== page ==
There is No “Best”

You're the best

What is the best architectural style/process/language/platform/framework/etc.?

A question posed that way can ignite a war as easily as Helen of Troy. The problem is, however, that it’s impossible to answer in that form. It’s a bit like asking which fastener (nail, screw, bolt, glue) is best. Without knowing the context to which it will be applied, we cannot possibly form a rational answer. “Best” without context is nonsense; like “right”, it’s a word that triggers much heat, but very little light.

People tend to like rules as there is a level of comfort in the certainty associated with them. The problem is that this certainty can be both deceptive and dangerous. Rules, patterns, and practices have underlying principles and contexts which give them value (or not). Understanding these is key to effective application. Without this understanding, usage becomes an act of faith rather than a rational choice.

Best practices and design patterns are two examples of useful techniques that have come to be regarded as silver bullets by some. Design patterns are useful for categorizing and communicating elements of design. Employing design patterns, however, is no guarantee of effective design. Likewise, understanding the principles that lie beneath a given practice is key to successfully applying that practice in another situation. Context is king.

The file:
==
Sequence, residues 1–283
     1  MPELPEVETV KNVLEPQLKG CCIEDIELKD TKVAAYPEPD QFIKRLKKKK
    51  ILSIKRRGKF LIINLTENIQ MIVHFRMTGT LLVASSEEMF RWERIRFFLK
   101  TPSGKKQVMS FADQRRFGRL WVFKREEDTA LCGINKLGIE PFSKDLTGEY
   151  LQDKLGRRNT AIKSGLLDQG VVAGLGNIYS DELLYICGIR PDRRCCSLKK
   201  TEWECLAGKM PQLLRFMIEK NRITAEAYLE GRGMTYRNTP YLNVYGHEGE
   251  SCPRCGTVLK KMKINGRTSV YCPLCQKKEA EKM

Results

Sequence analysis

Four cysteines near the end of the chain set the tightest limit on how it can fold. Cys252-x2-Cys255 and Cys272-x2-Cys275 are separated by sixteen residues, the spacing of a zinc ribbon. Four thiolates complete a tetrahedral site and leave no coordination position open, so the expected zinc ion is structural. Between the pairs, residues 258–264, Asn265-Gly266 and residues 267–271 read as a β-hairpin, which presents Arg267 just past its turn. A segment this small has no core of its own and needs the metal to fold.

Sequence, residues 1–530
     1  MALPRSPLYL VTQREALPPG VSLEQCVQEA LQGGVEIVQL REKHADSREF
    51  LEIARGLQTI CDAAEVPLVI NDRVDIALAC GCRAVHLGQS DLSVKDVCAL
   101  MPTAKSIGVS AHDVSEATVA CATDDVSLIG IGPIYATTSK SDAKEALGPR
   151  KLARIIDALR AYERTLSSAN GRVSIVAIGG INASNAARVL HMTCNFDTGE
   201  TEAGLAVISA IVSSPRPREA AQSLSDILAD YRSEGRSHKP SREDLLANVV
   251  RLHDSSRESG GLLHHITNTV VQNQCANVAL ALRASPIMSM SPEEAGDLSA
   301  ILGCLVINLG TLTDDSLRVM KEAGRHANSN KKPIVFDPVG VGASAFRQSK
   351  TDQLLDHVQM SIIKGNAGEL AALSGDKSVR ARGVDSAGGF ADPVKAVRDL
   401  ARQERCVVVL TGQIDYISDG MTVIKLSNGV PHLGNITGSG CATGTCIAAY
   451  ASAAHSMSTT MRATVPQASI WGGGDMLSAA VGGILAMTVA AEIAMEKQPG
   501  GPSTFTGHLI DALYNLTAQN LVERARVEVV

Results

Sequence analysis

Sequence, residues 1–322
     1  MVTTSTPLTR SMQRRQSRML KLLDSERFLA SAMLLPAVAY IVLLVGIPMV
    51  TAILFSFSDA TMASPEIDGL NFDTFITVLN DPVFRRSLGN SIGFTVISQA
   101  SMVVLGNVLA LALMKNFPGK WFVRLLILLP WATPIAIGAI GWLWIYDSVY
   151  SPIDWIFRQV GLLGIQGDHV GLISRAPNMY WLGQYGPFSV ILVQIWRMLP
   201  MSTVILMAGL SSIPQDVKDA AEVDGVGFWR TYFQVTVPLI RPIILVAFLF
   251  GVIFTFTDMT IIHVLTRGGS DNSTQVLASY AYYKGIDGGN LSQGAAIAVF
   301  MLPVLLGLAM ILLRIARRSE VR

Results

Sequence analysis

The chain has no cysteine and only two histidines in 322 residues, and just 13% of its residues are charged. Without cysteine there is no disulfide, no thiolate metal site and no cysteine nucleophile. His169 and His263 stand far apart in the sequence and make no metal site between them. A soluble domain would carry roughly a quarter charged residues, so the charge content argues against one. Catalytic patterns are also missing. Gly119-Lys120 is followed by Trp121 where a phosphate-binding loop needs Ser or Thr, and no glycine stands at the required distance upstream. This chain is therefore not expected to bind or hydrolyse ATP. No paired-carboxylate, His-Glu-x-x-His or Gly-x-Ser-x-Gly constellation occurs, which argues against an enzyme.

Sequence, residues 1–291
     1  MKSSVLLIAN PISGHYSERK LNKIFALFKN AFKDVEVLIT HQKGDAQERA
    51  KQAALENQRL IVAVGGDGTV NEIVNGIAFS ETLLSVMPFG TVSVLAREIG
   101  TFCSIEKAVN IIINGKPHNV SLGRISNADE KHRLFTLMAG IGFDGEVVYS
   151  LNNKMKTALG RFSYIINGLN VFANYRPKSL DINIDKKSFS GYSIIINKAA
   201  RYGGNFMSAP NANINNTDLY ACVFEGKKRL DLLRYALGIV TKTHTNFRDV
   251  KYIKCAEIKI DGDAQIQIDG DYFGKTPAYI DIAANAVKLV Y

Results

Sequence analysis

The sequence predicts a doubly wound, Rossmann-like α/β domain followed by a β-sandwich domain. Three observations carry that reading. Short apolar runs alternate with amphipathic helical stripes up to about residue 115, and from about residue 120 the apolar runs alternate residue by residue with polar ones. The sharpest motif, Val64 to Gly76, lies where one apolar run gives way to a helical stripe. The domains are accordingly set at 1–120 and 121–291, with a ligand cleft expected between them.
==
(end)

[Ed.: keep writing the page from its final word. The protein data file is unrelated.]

Prior to applying a technique, it’s useful to ask why? Why this technique? Why do we think it will be effective? Rather than suggest a hard and fast number (say…5 maybe?), I’d recommend asking until you’re comfortable that the decision is based on reason rather than hope or tradition. Designing the architecture of systems requires evaluation and deliberation. Leave the following of recipes to the cooks.

3 thoughts on “There is No “Best”

    • Indeed…we don’t always have control over the outcome of our decisions, but we can own our reasons. The wrong thing done for the right reasons is far and away better than the right thing done for no good reason (because eventually luck runs out).


  1. Pingback: Storming on Design | Form Follows Function

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